In other embodiments, the reflecting surface 132 may be a non-smooth and/or discontinuous surface. For example, the reflecting surface may be formed by an array of flat reflecting surfaces positioned to be substantially concentric with the image point 162 so as to provide the same optical function as the surface 132 in FIG. 1. Furthermore reflecting surface 132 may have deviations from a concentric shape (e.g. elliptical or parabolic). Such deviations may be useful in correcting for higher order aberrations.

In some embodiments of system 100, element 130 is a high-index material and element 130 and beam splitter 150 are positioned such that element 130 contacts object point 160 to thereby maximize the numerical aperture of the imaging system. This is a non-limiting case, however, and in other embodiments the object point need not contact element 130. Similarly, element 140 need not contact image point 160. Moreover, in subsequently described embodiments, the object point and/or the image point need not contact an element of the imaging system, although, depending on the embodiment, this may be preferable to maximize numerical aperture.

Although not intended to be limiting in any way, as a theoretical curiosity it is noteworthy to point out that imaging system 100 functions equivalently to a pair of planar elements each having opposite indices of refraction (i.e., one element having a positive index +n, and the other element having a negative index—−n). In particular, refraction at the interface between two such elements causes light rays emitted from the object point to bend and focus to the image point. This can be seen from a trivial application of Snell's law of refraction. Such bending and focusing is effectively achieved in system 100 by the initial reflection from beam splitter 150 and the subsequent reflection by reflecting surface 132. A similar effect is also present in the subsequently described embodiments.

From the design of imaging system 100, it is clear that light that initially is transmitted by the beam splitter is ignored and only the reflected component is used. Other imaging systems can be designed such that the initially transmitted component is utilized and the reflected component is discarded. Referring to FIG. 2, a catoptric imaging system 200 includes an object point 260, an image point 262, a beam splitter 250, a curved reflective surface 242, and light transmitting media 230 and 240. The embodiment of FIG. 2 is similar to that of FIG. 1 except that in the embodiment of FIG. 2, reflecting surface 242 is positioned to receive light transmitted by the beam splitter surface, whereas the reflecting surface in FIG. 1 is positioned to receive light reflected by the beam splitter surface. In an embodiment of system 200, the reflecting surface 242 is concentric with object point 160. As is the case with the embodiment in FIG. 1, the intensity of incident light imaged to image point 262 is proportional to T(φ)R(φ)=0.25−δ(φ−φ′)2. Thus the image point light intensity has no first order deviations due to non-ideal beam splitter behavior. Furthermore, as described with reference to FIG. 1 a transparent window or an apertures in surface 242 allows access to the image point 262 for light emanating from object point 132.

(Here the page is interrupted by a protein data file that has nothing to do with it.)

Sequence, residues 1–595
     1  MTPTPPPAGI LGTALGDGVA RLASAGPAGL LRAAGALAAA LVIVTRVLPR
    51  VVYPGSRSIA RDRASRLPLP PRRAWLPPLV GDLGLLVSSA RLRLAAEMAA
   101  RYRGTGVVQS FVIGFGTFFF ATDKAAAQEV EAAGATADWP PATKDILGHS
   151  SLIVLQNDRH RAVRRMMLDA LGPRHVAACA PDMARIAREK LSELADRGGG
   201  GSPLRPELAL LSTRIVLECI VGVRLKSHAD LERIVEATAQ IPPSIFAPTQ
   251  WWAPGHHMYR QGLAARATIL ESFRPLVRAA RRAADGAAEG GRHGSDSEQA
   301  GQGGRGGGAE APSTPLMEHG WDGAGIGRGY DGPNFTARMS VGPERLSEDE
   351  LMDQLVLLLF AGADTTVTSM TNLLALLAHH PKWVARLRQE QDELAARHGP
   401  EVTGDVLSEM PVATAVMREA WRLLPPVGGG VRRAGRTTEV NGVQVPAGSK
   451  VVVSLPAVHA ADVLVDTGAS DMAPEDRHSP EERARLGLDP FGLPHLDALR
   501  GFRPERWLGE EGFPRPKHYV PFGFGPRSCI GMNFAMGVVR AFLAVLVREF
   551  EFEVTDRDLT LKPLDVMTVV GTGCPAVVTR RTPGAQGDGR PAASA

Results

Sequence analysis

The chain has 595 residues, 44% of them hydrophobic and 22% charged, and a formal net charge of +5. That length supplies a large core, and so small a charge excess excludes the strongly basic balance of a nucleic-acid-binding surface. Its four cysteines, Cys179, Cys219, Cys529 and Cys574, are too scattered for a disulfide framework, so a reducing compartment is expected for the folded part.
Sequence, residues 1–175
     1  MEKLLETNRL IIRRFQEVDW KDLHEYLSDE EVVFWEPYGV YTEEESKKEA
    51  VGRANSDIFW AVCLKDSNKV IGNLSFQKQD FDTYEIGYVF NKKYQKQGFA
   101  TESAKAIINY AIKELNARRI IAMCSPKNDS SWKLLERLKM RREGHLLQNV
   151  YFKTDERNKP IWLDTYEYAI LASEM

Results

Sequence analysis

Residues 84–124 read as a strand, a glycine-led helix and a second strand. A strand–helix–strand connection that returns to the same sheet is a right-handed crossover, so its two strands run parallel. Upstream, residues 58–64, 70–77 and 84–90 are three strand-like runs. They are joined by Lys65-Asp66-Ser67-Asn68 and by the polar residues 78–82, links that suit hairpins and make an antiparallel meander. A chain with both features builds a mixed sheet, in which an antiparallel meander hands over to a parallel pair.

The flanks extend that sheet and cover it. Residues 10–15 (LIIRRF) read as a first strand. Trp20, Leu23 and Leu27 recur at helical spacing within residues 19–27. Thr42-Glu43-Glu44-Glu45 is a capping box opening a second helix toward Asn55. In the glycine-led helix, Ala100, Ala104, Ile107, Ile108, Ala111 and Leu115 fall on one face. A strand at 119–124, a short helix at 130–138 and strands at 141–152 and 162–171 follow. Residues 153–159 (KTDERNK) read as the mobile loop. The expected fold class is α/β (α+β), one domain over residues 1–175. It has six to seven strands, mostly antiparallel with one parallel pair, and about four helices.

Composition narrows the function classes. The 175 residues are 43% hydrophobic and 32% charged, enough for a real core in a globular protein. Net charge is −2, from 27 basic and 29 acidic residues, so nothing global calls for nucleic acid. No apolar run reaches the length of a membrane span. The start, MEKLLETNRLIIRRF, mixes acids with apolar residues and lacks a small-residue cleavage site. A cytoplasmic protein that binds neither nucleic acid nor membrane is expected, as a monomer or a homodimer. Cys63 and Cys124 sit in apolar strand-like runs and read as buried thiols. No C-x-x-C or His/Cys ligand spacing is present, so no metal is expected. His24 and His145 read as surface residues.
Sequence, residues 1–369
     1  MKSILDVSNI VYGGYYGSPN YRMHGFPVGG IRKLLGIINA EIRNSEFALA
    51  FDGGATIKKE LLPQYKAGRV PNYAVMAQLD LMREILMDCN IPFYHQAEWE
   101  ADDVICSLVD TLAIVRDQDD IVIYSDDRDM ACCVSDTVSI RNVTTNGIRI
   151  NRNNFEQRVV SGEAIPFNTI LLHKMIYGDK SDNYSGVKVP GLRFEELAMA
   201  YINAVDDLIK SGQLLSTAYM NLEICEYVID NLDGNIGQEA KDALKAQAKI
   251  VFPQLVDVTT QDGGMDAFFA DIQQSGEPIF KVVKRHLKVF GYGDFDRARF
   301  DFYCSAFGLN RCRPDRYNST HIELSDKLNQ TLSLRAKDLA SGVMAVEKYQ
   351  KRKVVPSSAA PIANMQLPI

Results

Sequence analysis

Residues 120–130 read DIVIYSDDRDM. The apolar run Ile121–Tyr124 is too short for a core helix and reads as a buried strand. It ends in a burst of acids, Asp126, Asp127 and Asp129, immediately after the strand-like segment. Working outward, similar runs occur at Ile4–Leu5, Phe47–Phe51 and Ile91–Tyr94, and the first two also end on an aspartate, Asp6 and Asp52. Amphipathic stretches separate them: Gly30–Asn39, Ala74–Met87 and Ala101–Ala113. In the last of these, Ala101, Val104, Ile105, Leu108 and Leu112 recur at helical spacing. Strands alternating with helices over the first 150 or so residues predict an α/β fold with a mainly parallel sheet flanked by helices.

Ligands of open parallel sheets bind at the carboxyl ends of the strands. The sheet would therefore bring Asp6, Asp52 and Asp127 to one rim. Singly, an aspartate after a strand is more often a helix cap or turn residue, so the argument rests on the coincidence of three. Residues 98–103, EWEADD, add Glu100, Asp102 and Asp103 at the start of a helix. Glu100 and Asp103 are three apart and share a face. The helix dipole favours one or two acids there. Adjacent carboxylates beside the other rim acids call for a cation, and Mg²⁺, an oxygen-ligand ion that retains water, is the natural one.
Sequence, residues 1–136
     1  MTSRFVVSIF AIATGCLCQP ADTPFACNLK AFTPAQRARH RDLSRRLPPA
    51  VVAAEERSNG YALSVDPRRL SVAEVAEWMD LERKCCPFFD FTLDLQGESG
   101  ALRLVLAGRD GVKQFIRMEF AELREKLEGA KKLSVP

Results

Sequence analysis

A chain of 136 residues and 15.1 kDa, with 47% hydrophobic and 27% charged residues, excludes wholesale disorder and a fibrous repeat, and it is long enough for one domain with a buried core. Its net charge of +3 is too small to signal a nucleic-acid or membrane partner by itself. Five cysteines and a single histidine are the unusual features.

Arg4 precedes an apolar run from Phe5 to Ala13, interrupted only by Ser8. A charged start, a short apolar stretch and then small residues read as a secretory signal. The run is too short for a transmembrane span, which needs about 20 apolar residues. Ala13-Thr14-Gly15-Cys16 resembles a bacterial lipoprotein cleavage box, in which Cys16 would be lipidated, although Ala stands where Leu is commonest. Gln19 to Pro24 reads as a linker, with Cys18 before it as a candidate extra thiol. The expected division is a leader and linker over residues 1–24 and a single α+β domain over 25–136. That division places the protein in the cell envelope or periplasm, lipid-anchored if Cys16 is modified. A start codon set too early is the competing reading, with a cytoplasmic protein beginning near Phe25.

In the embodiments of FIGS. 1 and 2, although the object point is diffraction limited, the points in the vicinity of the object point may not be. Such points may suffer from certain optical aberrations. Such aberrations may be corrected for a large part of the object plane by introducing refractive surfaces.

Referring to FIG. 3, a catadioptric imaging system 300 includes an object point 360, an image point 362, a beam splitter 350, a curved reflective surface 332, a plano-concave-convex element 330, a plano-concave element 340, and plano-convex elements 320 and 380. The common center of curvature for surface 322 of element 320 is the object point 360. The common center of curvature for surface 344, surface 332 of element 330, and surface 382 of element 380 is image point 362. Element 320 and element 330 are formed such that the radius of curvature of surface 322 of element 320 is substantially the same as the radius of curvature of surface 334 of element 330. Element 340 and element 380 are formed such that the radius of curvature of surface 344 of element 340 is substantially the same as the radius of curvature of surface 382 of element 380. Surfaces 322 and 344 are preferably coated with an antireflection coating.

The refracting surfaces in system 300 provide additional degrees of freedom that can be used to reduce optical aberrations in the image field. In particular, any of the index of refraction of elements 320, 380, 340 and the radius of curvature of surface elements 334, 344, 332 may be varied to reduce such aberrations. For example, optical ray tracing methods may be used to calculate the amplitude of the various aberrations as functions of such variables and in this way particular values of the parameters can be found that minimize the aberrations. Such optimizations may also take into account other design criteria such as magnification, planarity of the image field, numerical aperture, optical absorption and other material limitations. Notably, for example, the numerical aperture of system 300 scales with the index of refraction of the element 320. Thus, by use of a high index material, the numerical aperture can be improved. Moreover, an optimization may fix the indices of refraction for elements 320, 330, 340, and 380 simply because specific materials are to be used for these elements.